While a trait of a group should never be used as an excuse to limit employment to members of that group, there are times when it is acceptable to select someone based on their gender, race, or other characteristic. Simple examples are things like bathroom attendants, or a club that wants to hire only female strippers.
Another example is when you are picking people to represent a group. Then membership in the group can be a qualification. As Sotomayor pointed out, people’s life experiences do affect their judgement. And members of a group will more naturally identify with someone who is a member of the same group. For example, when creating a commission to represent an ethnically diverse city, it is only sensible to pick an ethnically diverse group of people to serve.
Furthermore, sometimes people’s identity can itself be a qualification. I think that Obama not being 100% white makes him a better president because it sends a very strong message, both inside and outside the US. But that doesn’t mean that I think only blacks are qualified to be president, or that we should only have black presidents from now on.
But these cases where group identity is itself a qualification are — and should be — rare. Most of the time, group membership should have nothing to do with job selection or other judgements. Part of the reason why conservatives thought they could use Sotomayor’s comments as a wedge against her is that many people resent affirmative action and other things that imply the hypocritical position of “it is only racism when whites do it”. Unfortunately, the Obama administration fell for the trap set by conservatives and responded poorly. Their response was to make excuses for her comments, saying that they were simply a poor choice of words. But CQ Politics has revealed that Sotomayor used exactly the same words in at least two other speeches.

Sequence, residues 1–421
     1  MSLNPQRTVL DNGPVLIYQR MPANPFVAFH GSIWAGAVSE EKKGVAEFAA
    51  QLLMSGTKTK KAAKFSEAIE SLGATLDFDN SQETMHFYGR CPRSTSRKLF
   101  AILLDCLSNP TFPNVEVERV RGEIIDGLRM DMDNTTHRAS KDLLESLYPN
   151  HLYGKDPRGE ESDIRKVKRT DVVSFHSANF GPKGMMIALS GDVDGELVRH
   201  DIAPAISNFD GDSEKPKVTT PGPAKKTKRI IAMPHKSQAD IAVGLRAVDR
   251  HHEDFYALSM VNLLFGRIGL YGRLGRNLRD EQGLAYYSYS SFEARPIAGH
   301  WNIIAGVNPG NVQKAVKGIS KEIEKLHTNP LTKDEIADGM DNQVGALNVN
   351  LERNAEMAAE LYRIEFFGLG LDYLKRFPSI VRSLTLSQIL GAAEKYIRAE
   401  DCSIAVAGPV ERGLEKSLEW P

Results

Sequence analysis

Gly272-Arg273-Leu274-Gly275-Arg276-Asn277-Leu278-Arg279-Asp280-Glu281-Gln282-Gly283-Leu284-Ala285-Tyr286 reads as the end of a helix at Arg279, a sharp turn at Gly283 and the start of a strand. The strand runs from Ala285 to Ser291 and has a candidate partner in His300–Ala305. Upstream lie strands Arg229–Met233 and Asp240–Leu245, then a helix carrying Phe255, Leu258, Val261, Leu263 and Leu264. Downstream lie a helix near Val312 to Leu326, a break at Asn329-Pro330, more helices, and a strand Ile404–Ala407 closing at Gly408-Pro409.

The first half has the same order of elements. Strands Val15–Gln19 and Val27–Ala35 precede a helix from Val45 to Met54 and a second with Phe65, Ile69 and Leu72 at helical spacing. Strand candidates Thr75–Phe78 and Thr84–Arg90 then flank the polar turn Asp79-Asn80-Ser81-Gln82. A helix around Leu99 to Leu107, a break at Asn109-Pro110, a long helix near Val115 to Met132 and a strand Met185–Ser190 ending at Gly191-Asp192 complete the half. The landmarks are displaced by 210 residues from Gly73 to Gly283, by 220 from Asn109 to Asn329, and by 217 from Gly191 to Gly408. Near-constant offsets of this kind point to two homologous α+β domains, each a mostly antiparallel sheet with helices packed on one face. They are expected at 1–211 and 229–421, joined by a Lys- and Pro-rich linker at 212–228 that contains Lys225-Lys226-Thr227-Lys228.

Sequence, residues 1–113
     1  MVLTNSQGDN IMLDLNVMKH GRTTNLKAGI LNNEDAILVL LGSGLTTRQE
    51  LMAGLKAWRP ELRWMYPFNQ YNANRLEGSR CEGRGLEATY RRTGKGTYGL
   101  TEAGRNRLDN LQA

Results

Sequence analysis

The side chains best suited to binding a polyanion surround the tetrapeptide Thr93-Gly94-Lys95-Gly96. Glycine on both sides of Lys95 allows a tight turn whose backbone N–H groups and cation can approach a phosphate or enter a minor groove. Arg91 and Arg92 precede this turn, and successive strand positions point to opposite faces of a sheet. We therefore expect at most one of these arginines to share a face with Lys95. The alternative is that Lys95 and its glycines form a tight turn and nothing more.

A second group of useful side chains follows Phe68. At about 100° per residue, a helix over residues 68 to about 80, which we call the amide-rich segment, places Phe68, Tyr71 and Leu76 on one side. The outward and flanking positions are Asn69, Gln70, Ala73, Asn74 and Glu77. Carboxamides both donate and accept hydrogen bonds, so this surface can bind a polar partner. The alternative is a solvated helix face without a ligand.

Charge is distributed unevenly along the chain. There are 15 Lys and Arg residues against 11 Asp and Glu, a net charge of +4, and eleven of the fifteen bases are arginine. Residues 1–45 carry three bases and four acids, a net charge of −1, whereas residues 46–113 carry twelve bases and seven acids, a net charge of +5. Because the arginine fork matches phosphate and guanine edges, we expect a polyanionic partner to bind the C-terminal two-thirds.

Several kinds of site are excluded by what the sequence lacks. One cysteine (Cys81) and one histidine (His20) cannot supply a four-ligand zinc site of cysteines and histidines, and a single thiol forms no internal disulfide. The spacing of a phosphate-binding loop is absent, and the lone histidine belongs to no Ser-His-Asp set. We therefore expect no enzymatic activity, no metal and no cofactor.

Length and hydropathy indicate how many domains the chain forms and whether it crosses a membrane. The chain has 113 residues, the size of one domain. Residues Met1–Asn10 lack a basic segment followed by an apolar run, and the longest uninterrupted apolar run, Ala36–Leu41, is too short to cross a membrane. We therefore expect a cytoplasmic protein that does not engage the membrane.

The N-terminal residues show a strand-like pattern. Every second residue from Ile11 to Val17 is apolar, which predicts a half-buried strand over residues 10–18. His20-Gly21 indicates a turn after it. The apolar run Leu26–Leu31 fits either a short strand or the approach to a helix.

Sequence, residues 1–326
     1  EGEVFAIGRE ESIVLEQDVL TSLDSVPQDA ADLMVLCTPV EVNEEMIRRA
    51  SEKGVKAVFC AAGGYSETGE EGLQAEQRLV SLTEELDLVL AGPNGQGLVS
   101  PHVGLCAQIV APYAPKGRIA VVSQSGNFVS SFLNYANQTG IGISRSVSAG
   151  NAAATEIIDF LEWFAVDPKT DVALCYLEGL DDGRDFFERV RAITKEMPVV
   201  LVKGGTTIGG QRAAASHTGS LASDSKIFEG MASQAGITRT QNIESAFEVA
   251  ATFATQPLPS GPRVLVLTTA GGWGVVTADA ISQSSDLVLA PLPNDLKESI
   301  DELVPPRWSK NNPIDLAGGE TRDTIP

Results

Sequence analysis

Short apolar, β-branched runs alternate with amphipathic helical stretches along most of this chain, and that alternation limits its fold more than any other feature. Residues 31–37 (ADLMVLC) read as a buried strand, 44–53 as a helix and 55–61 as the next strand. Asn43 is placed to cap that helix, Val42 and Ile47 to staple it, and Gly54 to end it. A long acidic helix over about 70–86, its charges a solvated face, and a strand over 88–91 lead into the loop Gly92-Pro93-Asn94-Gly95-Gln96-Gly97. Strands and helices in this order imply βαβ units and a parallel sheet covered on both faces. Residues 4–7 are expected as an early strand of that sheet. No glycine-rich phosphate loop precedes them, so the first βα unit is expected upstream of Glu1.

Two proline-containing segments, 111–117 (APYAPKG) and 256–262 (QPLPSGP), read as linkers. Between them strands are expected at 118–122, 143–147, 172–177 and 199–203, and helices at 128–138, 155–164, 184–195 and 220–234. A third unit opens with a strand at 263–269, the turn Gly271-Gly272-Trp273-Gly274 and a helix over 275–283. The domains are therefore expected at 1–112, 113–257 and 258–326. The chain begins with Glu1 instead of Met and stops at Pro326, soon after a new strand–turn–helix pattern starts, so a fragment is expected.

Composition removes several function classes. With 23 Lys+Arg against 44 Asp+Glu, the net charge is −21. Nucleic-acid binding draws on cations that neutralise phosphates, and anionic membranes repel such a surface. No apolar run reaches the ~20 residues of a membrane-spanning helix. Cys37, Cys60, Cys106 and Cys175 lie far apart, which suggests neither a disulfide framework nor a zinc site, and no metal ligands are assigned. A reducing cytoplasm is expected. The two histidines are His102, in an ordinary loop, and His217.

Obama is always more effective when he tackles problems head on, rather than making excuses. The real answer to complaints about Sotomayor’s comments is to show the context of her comments. If you read the entire speech (which some reporters are apparently too lazy to do) it is obvious that she was saying that people’s experiences do influence their judgement (something that even Republican Supreme Court Justices have acknowledged). She even added that judges have a responsibility to resist this influence and rule fairly and impartially.
In addition, I don’t think there is anything wrong with saying that someone with a certain set of life experiences, in general might make better decisions than someone who didn’t have those life experiences. Sotomayor wasn’t promoting those life experiences as a qualification for the job — she didn’t say (or even imply) that all justices should be Latina women, after all.
This would have been a perfect opportunity to bring up the issues of reverse discrimination and identity politics and discuss them in an intelligent manner. Unfortunately, it looks like we might miss that opportunity, and liberals and conservatives are equally at fault.